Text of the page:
Monday, 21 July 2014

Kilnaughton flora and hoverflies

How come I've never really explored Kilnaughton dunes before? I was overwhelmed by how beautiful they are and found the most gorgeous display of Meadow Cranesbill and Meadowsweet I've ever seen. What a delight it was to hear the constant humming of bees and hoverflies enjoying the rich nectar of the bountiful flora of these dunes.
Becky







Sunday, 20 July 2014

Sanaigmore rAmble - 13th July 2014

Last Sunday's ramble was a bright and sunny afair with a sociable mix of members and visitors. We did not roam far but enjoyed a host of flowers and butterflies. There was a broad spectrum of knowledge amongst the group, with botany, birds, invertebrates, inc. butterflies (which were enjoying the heat of the sun), fungi and geology.
Flowers: Monkey Flower; Bird's Foot Trefoil; Eyebright; Self Heal; Common Centaury; Autumn Gentian; Frog Orchid; Field Thistle; Fairy Flax; Hawkbit; Devils Bit Scabious; Bog Pimpernel; Lady's Bedstraw; Lesser Meadow Rue; Thrift. Invertebrates: Soldier Beetle; Dung Beetle larvae; Common Blue butterfly; Meadow Brown; Ringlet; Tortoiseshell; Dark Green Fritillary. Birds: Gannet; Chough; Oystercatcher; Arctic Tern; Rock Pipit; Ringed Plover. Geology: Flint; Gneiss. Looking forward to today's geology walk at Kilchiaran at 2pm. Fiona MacGillivray (Chair) This is the first time I have managed to get access to blog to post (via my old computer, new one doesn't like it) so apologies to those who like hearing about the rambles. This has taken an age to post so hope it works!

Thursday, 17 July 2014

A Pond of Wonders

So a slightly delayed post about our pond dipping activity day at Bruichladdich. last Friday we met down at the Bruichladdich pier before traveling up to George's pond, a great little spot which became a great pond dipping experience. Before nets even got wet a few keen eyed pond dippers spotted some tiny froglets just in the grass around the pond, followed swiftly by a tiny toadlet, sparking discussion about the difference between the two, unfortunately these little fellas made an escape attempt whilst we were distracted by the other wonders we found. The activity started slow as the weather was hot and all the mini-beasts headed to the deeper regions, but a few clouds saved the day and with a few keen eyed netters we soon had trays over flowing with key species and a few monsters of the pond.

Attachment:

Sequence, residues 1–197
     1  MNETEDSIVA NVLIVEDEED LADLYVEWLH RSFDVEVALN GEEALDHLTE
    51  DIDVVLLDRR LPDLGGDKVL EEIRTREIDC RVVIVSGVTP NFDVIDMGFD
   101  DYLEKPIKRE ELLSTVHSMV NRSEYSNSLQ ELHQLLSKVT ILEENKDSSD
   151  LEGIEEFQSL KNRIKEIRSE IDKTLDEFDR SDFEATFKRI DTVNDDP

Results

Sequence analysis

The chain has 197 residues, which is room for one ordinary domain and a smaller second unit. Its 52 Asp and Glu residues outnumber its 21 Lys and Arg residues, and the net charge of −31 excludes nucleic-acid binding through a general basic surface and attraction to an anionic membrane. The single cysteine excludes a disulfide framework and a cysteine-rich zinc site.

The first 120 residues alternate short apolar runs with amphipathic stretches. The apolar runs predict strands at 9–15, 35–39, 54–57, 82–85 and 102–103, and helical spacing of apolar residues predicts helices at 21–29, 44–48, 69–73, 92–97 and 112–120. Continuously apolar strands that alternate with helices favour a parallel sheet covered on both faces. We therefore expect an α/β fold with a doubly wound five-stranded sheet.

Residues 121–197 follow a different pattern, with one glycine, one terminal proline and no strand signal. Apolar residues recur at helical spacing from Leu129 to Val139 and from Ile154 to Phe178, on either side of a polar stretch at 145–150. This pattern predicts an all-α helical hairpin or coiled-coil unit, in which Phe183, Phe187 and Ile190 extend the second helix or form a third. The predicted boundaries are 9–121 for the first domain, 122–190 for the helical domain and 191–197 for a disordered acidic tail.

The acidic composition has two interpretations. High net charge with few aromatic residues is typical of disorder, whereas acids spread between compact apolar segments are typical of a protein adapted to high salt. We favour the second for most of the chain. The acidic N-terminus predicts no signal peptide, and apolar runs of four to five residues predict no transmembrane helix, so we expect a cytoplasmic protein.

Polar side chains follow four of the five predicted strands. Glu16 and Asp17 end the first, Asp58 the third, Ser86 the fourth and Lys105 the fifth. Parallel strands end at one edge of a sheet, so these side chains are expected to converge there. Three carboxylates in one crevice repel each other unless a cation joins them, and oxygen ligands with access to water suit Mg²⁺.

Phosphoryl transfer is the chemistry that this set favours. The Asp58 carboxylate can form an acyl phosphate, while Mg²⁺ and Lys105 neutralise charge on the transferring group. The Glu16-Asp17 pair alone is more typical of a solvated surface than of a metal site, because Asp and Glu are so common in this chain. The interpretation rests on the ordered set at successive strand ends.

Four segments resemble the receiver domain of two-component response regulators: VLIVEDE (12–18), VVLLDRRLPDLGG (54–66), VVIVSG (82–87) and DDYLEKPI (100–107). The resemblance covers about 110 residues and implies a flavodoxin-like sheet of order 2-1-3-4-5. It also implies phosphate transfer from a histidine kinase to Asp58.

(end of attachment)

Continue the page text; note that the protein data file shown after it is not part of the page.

So our first finds were the typical water boatmen, mostly greater water boatmen but these were soon overshadowed by the first water scorpion of the day, after which we would find a handful more including this monster specimen who probably should of had his own bucket as these veracious predators see everything on the menu including tadpoles fish and even our tiny froglets. This one soon made quick work of one of our damselfly nymphs another top predator of the pond with the alien like hinged bottom jaw similar to their dragonfly cousins, they hunt by ambush grabbing anything that strays too close.

One of my personal favorites from the day was this brilliant water beetle, One of my favorite things to find in ponds; their larvae rival the water scorpion for top dog in most ponds. Alongside the usual groups of beetles and insects this was already a good haul until a shout went up for an eel. A great find Immediately followed by another great find, a leech, these two together where unexpected and we were incredibly luck.

These capped our pond dipping day and after releasing the critters back to the pond it was back to the centre to return some very muddy nets, and to let clean some very muddy wellies.